0725-22 NY Times Crossword 25 Jul 22, Monday

Constructed by: Michael T. Buerke
Edited by: Will Shortz

Today’s Theme: Going Somewhere?

Themed answers include a vowel progression with a twist. Each includes the letter sequence “PR” followed by the sound of a vowel’s name, progressing through A, E, I, O and U as we descend the grid:

  • 17A Eagles, falcons, hawks, etc. : BIRDS OF PREY (PR + A-sound)
  • 24A Major Formula 1 race : GRAND PRIX (PR + E-sound)
  • 39A “Sorry for being so nosy!” : I DIDN’T MEAN TO PRY (PR + I-sound)
  • 49A Instructor with a racket : TENNIS PRO (PR + O-sound)
  • 61A Pulitzer Prize-winning author of “The Shipping News” and “Brokeback Mountain” : ANNIE PROULX (PR + U-sound)

Bill’s time: 5m 29s

Bill’s errors: 0

Today’s Wiki-est Amazonian Googlies

Across

1 Dip for tortilla chips : SALSA

“Salsa” is simply Spanish for “sauce”.

6 What pasta and potatoes have a lot of : CARBS

Only relatively small amounts of carbohydrate can be stored by the human body, but those stores are important. The actual storage molecule is a starch-like polysaccharide called glycogen, which is found mainly in the liver and muscles. Glycogen is a quick source of energy when required by the body. Most of the body’s energy is stored in the form of fat, a more compact substance that is mobilized less rapidly. Endurance athletes often eat meals high in carbohydrates (carbo-loading) a few hours before an event, so that their body’s glycogen is at optimum levels.

11 Rap lead-in to Jon or Wayne : LIL …

“Lil’” is a short form of the word “little”. There are a whole slew of rappers named “Lil’ something”, such as Lil Wayne, Lil’ J, and Lil’ Kim.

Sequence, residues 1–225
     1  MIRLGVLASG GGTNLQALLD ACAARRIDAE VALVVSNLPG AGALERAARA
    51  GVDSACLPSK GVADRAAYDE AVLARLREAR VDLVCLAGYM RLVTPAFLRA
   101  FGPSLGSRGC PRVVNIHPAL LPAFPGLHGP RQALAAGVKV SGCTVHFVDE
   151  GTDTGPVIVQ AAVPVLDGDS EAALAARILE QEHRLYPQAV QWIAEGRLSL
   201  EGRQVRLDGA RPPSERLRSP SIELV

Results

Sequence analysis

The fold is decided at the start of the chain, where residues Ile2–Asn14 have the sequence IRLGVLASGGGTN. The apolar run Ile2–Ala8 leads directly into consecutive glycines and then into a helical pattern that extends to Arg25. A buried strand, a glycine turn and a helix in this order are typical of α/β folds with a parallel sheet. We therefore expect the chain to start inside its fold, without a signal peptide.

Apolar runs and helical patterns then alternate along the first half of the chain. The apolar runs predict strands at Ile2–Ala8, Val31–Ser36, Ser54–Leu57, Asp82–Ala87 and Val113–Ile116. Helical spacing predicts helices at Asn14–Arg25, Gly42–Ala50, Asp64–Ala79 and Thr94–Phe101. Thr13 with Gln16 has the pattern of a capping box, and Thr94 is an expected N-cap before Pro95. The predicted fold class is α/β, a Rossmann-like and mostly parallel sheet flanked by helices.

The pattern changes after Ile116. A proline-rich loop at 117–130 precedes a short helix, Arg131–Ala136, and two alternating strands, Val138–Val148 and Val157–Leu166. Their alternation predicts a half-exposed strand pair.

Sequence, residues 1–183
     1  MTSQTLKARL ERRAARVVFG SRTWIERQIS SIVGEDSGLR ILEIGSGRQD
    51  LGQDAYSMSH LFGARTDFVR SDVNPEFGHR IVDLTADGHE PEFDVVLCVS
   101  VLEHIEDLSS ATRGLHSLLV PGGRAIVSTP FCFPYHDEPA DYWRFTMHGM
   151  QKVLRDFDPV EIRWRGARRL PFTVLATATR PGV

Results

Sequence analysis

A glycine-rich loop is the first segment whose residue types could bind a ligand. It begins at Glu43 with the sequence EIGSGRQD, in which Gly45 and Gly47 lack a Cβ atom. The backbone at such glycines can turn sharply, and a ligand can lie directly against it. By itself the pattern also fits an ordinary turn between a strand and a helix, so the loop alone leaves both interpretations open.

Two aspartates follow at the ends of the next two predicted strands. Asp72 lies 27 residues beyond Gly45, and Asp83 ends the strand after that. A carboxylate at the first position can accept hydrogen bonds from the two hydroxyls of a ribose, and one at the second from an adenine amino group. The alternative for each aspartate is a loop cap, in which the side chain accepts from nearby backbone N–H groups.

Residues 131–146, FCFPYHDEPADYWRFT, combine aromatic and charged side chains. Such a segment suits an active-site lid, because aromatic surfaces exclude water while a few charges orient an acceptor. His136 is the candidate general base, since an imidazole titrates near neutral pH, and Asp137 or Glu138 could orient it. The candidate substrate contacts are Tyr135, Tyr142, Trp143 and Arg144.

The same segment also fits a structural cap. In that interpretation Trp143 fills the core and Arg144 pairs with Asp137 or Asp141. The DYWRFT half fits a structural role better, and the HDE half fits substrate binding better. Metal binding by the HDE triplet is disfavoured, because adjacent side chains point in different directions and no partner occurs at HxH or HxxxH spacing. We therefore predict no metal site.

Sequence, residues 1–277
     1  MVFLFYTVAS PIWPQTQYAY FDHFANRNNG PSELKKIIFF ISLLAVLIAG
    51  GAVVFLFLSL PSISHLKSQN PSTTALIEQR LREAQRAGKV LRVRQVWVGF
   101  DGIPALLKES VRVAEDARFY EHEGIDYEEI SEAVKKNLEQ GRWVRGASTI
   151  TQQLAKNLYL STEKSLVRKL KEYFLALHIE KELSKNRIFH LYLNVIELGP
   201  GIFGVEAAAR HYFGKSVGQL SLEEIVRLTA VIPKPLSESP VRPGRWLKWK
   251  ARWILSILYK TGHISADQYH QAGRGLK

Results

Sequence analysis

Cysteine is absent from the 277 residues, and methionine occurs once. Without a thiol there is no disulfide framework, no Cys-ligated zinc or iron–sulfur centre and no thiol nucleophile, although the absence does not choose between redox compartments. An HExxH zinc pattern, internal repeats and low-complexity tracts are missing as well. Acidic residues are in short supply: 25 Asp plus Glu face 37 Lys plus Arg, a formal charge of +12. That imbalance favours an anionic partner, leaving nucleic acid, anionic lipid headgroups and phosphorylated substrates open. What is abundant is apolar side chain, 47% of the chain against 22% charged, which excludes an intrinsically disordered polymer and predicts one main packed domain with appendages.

14 Like a home crowd on a walk-off hit : AROAR

That would be baseball.

16 Singer Yoko : ONO

Yoko Ono was born in 1933 in Tokyo into a prosperous Japanese family, and is actually a descendant of one of the emperors of Japan. Yoko’s father moved around the world for work, and she lived the first few years of her life in San Francisco. The family returned to Japan, before moving on to New York, Hanoi and back to Japan just before WWII, in time to live through the great firebombing of Tokyo in 1945. Immediately after the war the family was far from prosperous. While Yoko’s father was being held in a prison camp in Vietnam, her mother had to resort to begging and bartering to feed her children. When her father was repatriated, life started to return to normal and Yoko was able to attend university. She was the first woman to be accepted into the philosophy program of Gakushuin University.

19 Bathroom scale units: Abbr. : LBS

The unit of mass that we know today as a pound is descended from the old Roman unit of weight known as a “libra”. That “libra” connection is why we abbreviate “pound” to “lb”. The name “pound” comes from the Latin “pondo” meaning “weight”. Our term “ounce” (abbreviated to “oz.”) comes from the Latin “uncia”, which was 1/12 of a Roman “libra”.

20 Marijuana, in old slang : REEFER

Marijuana cigarettes have been known as reefers since the twenties. It is thought that the term “reefers” comes from either the Mexican Spanish for a drug addict (“grifo”), or from its resemblance to a rolled sail, i.e. a sail that has been “reefed”.

21 ___ Guofeng, successor to Mao : HUA

In China, the term “paramount leader” has been used since the days of Mao Zedong to describe the person who holds several leadership offices concurrently. The paramount leaders have been:

  1. Mao Zedong (1949 – 1976)
  2. Hua Guofeng (1976 – 1978)